Jerry Walls

Houston Baptist University’s Jerry Walls, a professor of philosophy, talks about the 500th anniversary of the Reformation.


Among the world religions, Christianity is set apart by its singular dependence on creeds, confessions and a clear canon of scripture. The idea of using a series of propositions to encapsulate truth goes back to an early church document known as the Didache, which some scholars date to the first century.

This year, Jerry Walls, a professor of philosophy at Houston Baptist University, decided the 500th anniversary of the start of the Protestant Reformation would be a good time for a modern-language restatement of the commonly accepted, revealed truths of this faith, one that even Luther himself might accept.

Walls got the creedal ball rolling, but it took a village of theologians to craft and approve the final product which can be viewed online by searching for “Reforming Catholic Confession.”

Walls began our interview by clarifying the framework for creeds and confessions.

“Creeds, such as the Apostles’ Creed and the Nicene Creed are concise statements of faith that focus on core doctrines that are shared by all Orthodox Christians,” Walls said. “Confessions are more expansive, and include distinctive doctrines and beliefs that are more particular to given theological traditions. So the Westminster Confession, for instance, spells out the distinctive doctrines of the Presbyterian tradition, and the Augsburg Confession does the same for the Lutheran tradition. Our Confession includes both core creedal doctrines as well as distinctive Protestant emphases.”

Such documents are especially important to Protestants who have no central contemporary authority to retain orthodoxy.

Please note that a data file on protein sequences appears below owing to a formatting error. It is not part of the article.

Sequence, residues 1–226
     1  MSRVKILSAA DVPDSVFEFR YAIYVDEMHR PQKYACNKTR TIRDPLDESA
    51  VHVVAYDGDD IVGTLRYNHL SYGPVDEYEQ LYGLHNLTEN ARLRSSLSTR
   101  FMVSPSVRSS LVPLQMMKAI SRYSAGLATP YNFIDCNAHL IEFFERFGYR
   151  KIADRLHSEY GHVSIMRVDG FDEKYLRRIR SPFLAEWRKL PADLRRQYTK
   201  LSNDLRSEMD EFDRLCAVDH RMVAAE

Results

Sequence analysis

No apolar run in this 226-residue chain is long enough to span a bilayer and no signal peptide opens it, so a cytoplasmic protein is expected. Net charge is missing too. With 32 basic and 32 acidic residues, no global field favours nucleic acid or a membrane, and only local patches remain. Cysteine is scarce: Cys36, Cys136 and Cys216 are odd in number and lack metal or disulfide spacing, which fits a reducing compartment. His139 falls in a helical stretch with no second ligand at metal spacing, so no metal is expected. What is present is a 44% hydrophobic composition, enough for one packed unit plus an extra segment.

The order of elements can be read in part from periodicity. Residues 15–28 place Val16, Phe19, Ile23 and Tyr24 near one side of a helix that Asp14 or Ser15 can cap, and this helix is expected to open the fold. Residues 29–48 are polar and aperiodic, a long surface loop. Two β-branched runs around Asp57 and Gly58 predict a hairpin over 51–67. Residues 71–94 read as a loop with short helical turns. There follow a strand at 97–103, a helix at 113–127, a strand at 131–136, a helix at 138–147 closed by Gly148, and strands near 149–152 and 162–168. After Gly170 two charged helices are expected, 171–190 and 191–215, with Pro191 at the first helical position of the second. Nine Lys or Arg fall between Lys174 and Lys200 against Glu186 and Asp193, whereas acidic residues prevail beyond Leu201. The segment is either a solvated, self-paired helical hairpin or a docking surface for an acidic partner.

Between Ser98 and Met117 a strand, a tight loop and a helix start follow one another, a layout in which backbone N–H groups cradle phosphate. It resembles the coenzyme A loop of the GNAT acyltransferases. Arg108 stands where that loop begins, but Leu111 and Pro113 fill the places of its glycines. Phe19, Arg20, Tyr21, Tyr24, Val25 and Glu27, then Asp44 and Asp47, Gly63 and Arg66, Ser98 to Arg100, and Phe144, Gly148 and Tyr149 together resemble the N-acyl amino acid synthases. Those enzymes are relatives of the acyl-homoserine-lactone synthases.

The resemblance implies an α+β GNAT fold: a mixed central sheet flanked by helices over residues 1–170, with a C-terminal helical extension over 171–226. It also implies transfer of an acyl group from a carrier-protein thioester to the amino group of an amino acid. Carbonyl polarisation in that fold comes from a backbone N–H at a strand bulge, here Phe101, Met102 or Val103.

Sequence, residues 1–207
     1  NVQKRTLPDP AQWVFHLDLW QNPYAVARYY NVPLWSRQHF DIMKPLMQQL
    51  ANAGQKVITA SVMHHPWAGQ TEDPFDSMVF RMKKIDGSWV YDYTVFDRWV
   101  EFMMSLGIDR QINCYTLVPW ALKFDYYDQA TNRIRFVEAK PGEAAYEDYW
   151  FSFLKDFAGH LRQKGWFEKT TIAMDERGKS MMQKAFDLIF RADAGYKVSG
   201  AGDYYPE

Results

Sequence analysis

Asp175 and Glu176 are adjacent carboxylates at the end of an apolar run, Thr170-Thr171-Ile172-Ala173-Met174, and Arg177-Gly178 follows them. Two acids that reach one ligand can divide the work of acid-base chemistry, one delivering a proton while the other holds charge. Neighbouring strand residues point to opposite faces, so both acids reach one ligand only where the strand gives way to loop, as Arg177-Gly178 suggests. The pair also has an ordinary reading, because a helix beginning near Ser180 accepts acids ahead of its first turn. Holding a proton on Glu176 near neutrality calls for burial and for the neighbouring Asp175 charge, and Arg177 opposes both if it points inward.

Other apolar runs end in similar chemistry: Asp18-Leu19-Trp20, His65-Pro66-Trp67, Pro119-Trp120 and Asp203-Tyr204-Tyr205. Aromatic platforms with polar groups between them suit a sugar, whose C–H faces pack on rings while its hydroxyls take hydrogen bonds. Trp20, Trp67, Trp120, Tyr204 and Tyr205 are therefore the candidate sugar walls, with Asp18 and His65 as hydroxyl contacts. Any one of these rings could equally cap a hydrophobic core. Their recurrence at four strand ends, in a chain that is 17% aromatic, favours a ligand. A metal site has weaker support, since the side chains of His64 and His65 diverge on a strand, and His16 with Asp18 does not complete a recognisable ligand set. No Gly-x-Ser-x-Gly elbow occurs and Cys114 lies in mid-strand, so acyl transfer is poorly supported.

The term reformed comes from the Reformation itself, but how can a Protestant constitution of sorts be “catholic?”

“Catholic means universal, or whole, and refers to the universal church, as when the Nicene Creed affirms that ‘we believe one holy, catholic and apostolic church,’” Walls said. “Our confession is a Reforming Catholic Confession because we are heirs of the Protestant Reformation. We are catholic because we affirm the catholic creeds of the early Church, but not Roman Catholic. Roman Catholics who represent an important theological tradition, and are themselves an important part of the church catholic. But the one, holy catholic and apostolic church is a much larger reality than the Church of Rome.”

There are thought to be well over 30,000 Protestant branches today. It’s a variety that perhaps no other faith could create. All of them grew out of this 500-year-old split with Rome which will be commemorated this month. How does Walls hope to find unity in such diversity?

“Critics of Protestantism love to focus on all the divisions and denominations that have formed since the Reformation,” he said. “The fact is, however, that the common ground shared by the large majority of Protestants is far more significant than their differences on relatively minor issues. This is not to suggest those differences are insignificant, but only to say they are quite secondary compared to agreement on central doctrine. Indeed, a substantial unity has emerged “on the ground” among the various Protestant traditions and this has been more apparent in the past several decades. This 500th anniversary of the Reformation was an ideal time to articulate the substantial agreement that unites Protestants.”

The bottom line for Walls is that doctrinal unity can be encouraged even if organizational union may be impossible.

“We hope our confession will advance the cause of Christian unity, not only by articulating the substantial unity the Protestants share, but also by highlighting that creedal core C.S. Lewis called “mere Christianity,” that is common ground of all Christians,” he said.

The reception of the confession by conservative Christians has been favorable as Caleb Lindgren, writing in Christianity Today, notes.

“So far, the confession has garnered more than 250 signatories, with a wide swath of Protestant denominations and traditions represented by initial signatories such as Ethics and Religious Liberty Commission President Russell Moore, philosopher William Lane Craig, biblical scholar Tremper Longman III, National Hispanic Christian Leadership Conference President Samuel Rodriguez and Billy Graham Center for evangelism Director Ed Stetzer.”

Next week in Our Faith: Lutherans on Luther.

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